A family of five are living in an old school bus because they were tired of wasting so much money on an apartment. In March 2014, Brian and Starla Sullivan were paying an extortionate amount of money on rent each month in an apartment that barely satisfied their standard of living. Struggling to afford the most basic necessities, Brian, 29, and Starla, 26, bought an old school bus for $2,800 and just a year- and $30,000 - later they were calling it home with their three children Charlie, 3, Henry, 2 and three-month-old Lincoln.
Watch the video and answer the questions below.
1. How many basin sinks are there on the converted bus?
2. How many children does the bathtub fit?
3. How much water does the toilet use?
4. How long would Brian's ride home take in the rush hour?
5. Where did the couple get the idea about tiny houses?
6. How much did the Sullivans spend transforming the bus?
7. How much do they spend living this way?
8. What are some of the problems they have had on the bus?
9. What are their plans for the future?
STARLA SULLIVAN: We’re ridiculous people and this is a ridiculous lifestyle and it just works.
Brian and Starla Sullivan have a rather unconventional family home.
BRIAN SULLIVAN: Hey! I’m Brian. I live in a converted school bus with my wife and three kids and I’m going to give you a tour. So come on in.
STARLA SULLIVAN: I wanted to feel like I was living in a tiny house and not a vehicle.
BRIAN SULLIVAN: So, right away is the living room.
STARLA SULLIVAN: Our sofas pull out into a full size bed. We have a fully functional kitchen, we have an oven and a microwave combination.
BRIAN SULLIVAN: Propane fireplace keeps us warm. A single basin sink.
STARLA SULLIVAN: One thing that I really wanted to have having children was a bathtub so, we have a bathtub that’s large enough to fit all the kids in. At least while they are this small.
BRIAN SULLIVAN: And then we have a full size washing machine. Composting toilet is simple; there is no plumbing involved, no water consumption or anything and it produces compost that you can use to fertilise non-edible plants.
Until two years ago, the family lived in much more ordinary surroundings.
STARLA SULLIVAN: We were living in an apartment about an hour away from Brain’s work and the commute was awful. He would work overtime just trying to pay the rent and then he would sit in the car for about three hours a day in rush hour and we would never see him. So we decided to make a change.
STARLA SULLIVAN: We were watching YouTube videos about tiny houses and there was this one in particular, we called them ‘the crazy people who lived in a blue bus’, and we just kind of looked at each other and went, “Do you want to live in a bus with me?”
BRIAN SULLIVAN: I thought she was joking at first, I was like, “Yeah, sure!” you know.
STARLA SULLIVAN: “No really, let’s live in a bus.”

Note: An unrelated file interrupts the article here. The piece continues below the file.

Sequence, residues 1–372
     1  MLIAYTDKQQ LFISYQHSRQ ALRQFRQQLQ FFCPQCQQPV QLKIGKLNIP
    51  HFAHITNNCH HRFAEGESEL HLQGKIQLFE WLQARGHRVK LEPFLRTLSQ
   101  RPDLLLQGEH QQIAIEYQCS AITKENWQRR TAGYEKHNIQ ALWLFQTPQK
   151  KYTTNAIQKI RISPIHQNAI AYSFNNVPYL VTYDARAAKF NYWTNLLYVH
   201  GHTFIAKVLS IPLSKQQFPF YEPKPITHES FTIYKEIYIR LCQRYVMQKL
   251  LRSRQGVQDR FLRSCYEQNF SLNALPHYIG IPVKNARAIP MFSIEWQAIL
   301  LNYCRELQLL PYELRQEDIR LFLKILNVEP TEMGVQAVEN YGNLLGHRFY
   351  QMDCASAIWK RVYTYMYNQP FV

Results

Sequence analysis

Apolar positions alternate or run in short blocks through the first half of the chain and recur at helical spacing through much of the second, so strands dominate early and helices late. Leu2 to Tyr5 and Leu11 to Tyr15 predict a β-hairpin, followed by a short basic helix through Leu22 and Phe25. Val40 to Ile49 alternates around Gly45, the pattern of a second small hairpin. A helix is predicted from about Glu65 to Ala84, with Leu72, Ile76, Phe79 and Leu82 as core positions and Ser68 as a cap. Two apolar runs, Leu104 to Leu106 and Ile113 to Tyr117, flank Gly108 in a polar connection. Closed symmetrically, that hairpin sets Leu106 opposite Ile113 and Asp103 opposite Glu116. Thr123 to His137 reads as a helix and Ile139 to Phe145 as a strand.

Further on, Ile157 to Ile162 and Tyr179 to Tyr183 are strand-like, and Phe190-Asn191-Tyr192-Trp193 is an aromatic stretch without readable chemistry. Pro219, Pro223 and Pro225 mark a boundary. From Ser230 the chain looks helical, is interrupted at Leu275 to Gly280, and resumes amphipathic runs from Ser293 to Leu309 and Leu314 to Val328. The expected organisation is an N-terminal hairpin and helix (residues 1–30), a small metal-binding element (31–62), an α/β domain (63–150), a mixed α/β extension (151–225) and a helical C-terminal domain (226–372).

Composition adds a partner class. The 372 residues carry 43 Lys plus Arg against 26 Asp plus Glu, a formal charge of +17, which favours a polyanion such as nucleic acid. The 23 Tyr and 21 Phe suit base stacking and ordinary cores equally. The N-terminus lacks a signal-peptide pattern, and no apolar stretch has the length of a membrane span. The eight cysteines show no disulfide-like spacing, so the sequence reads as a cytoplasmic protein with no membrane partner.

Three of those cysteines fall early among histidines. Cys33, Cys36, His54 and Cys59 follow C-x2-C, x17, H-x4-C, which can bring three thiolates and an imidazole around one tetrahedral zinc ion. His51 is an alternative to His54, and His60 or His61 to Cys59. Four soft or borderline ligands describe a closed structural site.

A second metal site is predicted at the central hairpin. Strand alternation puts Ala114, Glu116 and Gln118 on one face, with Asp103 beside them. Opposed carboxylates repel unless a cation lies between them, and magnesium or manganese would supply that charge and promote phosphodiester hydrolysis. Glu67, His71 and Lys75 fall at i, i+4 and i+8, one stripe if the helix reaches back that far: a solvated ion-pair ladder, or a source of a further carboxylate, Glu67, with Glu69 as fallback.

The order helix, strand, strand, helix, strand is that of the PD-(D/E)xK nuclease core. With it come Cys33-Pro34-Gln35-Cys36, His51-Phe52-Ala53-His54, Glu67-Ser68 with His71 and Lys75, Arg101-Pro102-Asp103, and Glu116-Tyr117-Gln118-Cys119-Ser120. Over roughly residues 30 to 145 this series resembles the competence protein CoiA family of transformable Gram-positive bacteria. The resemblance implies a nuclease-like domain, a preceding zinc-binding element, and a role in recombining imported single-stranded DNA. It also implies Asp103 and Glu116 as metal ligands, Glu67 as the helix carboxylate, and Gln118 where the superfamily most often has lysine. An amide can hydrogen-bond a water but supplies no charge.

BRIAN SULLIVAN: Yeah and she was serious. I started to realise all of these little things that were benefits that, you know, I hadn’t thought of before like being able to be mobile, being able to pick-up and move, if I got a different job and it was 20 miles away or something.
Buying the school bus from a local dealership in 2014, the couple spent $30,000 transforming it over the course of a year to their ideal home, that they say will save them a fortune in years to come.
STARLA SULLIVAN: So, living in the bus, we pay $500 a month for rent versus $1,500 a month that we would be having to pay for an apartment. So we pay about a third of the cost of living elsewhere. And as for utilities, also about a third of the cost. So we have money to pay off debts, student loans. We have money to eat the foods that we want, go to the places we want.
But it’s not all being a smooth ride for the family.
STARLA SULLIVAN: We have had frozen pipes, no running water, we have run out of propane in the middle of the night and had no heat, no hot water. We have lost electricity. Whenever any of those things happens, I’m just thankful that all three didn’t happen at the same time.
You’re gonna go get it? Okay.
Be careful for the camera, okay?
I know a lot of people say that it’s not possible for us to raise kids in this bus especially until they turn 18, but I disagree. We added our full length mattresses in the kids’ room, plus extra space in the bunks. They are gonna grow into it and have, have their own private space.
And the family has no plans to leave alternative housing behind them.
I think they like it.
If we do move out of the bus, it’s going to be something equally ridiculous.
Yeah. It’s going to be something else that’s unconventional.
We want to build a house out of mud and that is probably going to be our next step.
We’re ridiculous people. We are!
2 the three of them
3 no water at all
4 three hours
5 on YouTube
6 about $30,000
7 a third of what they used to spend before
8 frozen pipes, no running water, they have run out of propane, no hot water, no electricity
9 to build a mud house